In the many months that I have been blogging, I have found that only a very few have chosen to respond by constructing a “counter-point” to my initial “point.” This isn’t surprising to me: Essay writing is time consuming and takes concentrated cerebral effort to formulate an argument that rests on a foundation of critical thought and logic. While the option is there, it’s just easier to slap a quick label on my words: “antagonizing,” “pot-stirring,” “bear-poking” “bitch.”

Does this make me “feel good?” Not really.

But neither does “keeping my pretty, little mouth shut.”

I can safely assert that what you’re going to find here will be consistently viewed through that multi-faceted lens of individual experience, gender, cultural norms, and justice.

If that’s not what you want to read about, then don’t. If you have come to conclude that my words are divisive and destructive, just stop reading. No one is forcing you to go to a place where you end up feeling uncomfortable. Surely, I don’t want that for you.

Life is too short to run around feeling angry and annoyed by someone you don’t know and have already written off as being little more than a voice that seeks to divide.

For the rest of you, I thank you for reading and being willing to hear about my own personal experiences. Every time I write, I try to draft something that will be of interest. There are days I know I’ve hit the mark and others where my writing has bordered on the mundane and common.

Frankly, I’d rather be provocative than insipid. Thankfully, I have come to believe that the majority of you prefer to read those sorts of essays as well.


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7 thoughts on “On Being Provocative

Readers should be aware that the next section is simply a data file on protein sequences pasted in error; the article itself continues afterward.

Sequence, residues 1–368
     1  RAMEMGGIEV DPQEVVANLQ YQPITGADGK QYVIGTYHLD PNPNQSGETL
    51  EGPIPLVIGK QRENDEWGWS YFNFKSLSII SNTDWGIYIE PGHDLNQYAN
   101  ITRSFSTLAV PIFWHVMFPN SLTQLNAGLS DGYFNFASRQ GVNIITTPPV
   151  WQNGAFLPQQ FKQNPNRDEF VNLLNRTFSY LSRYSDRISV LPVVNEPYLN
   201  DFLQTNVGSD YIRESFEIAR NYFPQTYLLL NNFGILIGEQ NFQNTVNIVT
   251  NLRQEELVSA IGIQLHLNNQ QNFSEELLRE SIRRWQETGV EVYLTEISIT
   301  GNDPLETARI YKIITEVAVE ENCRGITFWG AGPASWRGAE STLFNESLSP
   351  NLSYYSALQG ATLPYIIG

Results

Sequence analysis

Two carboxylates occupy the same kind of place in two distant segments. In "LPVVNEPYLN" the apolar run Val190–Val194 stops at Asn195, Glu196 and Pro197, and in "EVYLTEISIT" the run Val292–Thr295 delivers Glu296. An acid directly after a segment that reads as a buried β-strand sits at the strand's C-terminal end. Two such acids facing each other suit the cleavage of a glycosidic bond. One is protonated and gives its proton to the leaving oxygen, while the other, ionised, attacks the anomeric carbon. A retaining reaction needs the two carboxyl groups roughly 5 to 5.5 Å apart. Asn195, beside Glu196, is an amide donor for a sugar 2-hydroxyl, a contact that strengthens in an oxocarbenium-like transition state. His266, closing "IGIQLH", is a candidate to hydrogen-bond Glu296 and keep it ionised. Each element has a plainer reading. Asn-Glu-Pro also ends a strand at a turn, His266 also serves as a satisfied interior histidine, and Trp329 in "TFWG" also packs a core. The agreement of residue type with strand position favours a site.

1. As I read these vignettes I wonder to myself if a compilation is a book in the making. And then I say, of course they are, you are too smart to write and not benefit from these early morning efforts. I have a title. THE BIG BOOK OF THE LITTLE KNOWN FACTS OF LIFE. If you haven’t thought of this your welcome, if you have, great minds think alike.

    Liked by 1 person

    1. Marc, my stories–thus far–are all novels, i.e., fictional tales. Despite that being the case, writers write “what they know” through the lens of their own perspectives.

      I have found a common theme running through all of my stories: loyalty and betrayal. Rest assured that existentialism, feminism, cultural norms, and justice all factor heavily into the establishment of said loyalties and the subsequent evisceration through betrayals.


  2. Keep on provokin’ on! I suspect that most people, in addition to not wanting to put forth the effort to craft a thoughtful response rather than resort to name calling, must feel rather uncomfortable with the implications suggested in your posts. The implications that their actions (or that of their friends, family, favorite political candidate) are immature, impolite, insensitive or uneducated. It’s so much easier to dismiss someone’s personal experience in order to avoid looking hard at and taking responsibility for one’s role in that experience.

    Liked by 1 person

    1. And you, my friend, have consistently provide me insights that I maybe initially uncomfortable with but after thoughtful consideration find to have been some of the better ways of thinking. Thank you for being my provocative pal.